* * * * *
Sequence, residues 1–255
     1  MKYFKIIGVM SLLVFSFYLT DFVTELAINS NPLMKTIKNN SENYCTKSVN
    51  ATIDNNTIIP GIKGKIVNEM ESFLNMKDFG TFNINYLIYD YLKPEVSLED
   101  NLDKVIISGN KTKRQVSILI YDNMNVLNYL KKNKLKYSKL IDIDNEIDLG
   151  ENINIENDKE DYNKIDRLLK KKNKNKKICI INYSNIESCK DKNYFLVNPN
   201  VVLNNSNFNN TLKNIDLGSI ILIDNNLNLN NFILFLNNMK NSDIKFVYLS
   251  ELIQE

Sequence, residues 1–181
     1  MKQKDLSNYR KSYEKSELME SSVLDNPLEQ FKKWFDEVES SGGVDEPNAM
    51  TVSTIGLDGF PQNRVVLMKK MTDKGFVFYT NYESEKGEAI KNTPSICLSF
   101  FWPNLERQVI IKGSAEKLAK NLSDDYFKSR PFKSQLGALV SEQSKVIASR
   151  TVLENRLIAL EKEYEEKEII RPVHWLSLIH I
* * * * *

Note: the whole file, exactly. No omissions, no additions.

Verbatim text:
Sequence, residues 1–255
     1  MKYFKIIGVM SLLVFSFYLT DFVTELAINS NPLMKTIKNN SENYCTKSVN
    51  ATIDNNTIIP GIKGKIVNEM ESFLNMKDFG TFNINYLIYD YLKPEVSLED
   101  NLDKVIISGN KTKRQVSILI YDNMNVLNYL KKNKLKYSKL IDIDNEIDLG
   151  ENINIENDKE DYNKIDRLLK KKNKNKKICI INYSNIESCK DKNYFLVNPN
   201  VVLNNSNFNN TLKNIDLGSI ILIDNNLNLN NFILFLNNMK NSDIKFVYLS
   251  ELIQE

Sequence, residues 1–181
     1  MKQKDLSNYR KSYEKSELME SSVLDNPLEQ FKKWFDEVES SGGVDEPNAM
    51  TVSTIGLDGF PQNRVVLMKK MTDKGFVFYT NYESEKGEAI KNTPSICLSF
   101  FWPNLERQVI IKGSAEKLAK NLSDDYFKSR PFKSQLGALV SEQSKVIASR
   151  TVLENRLIAL EKEYEEKEII RPVHWLSLIH I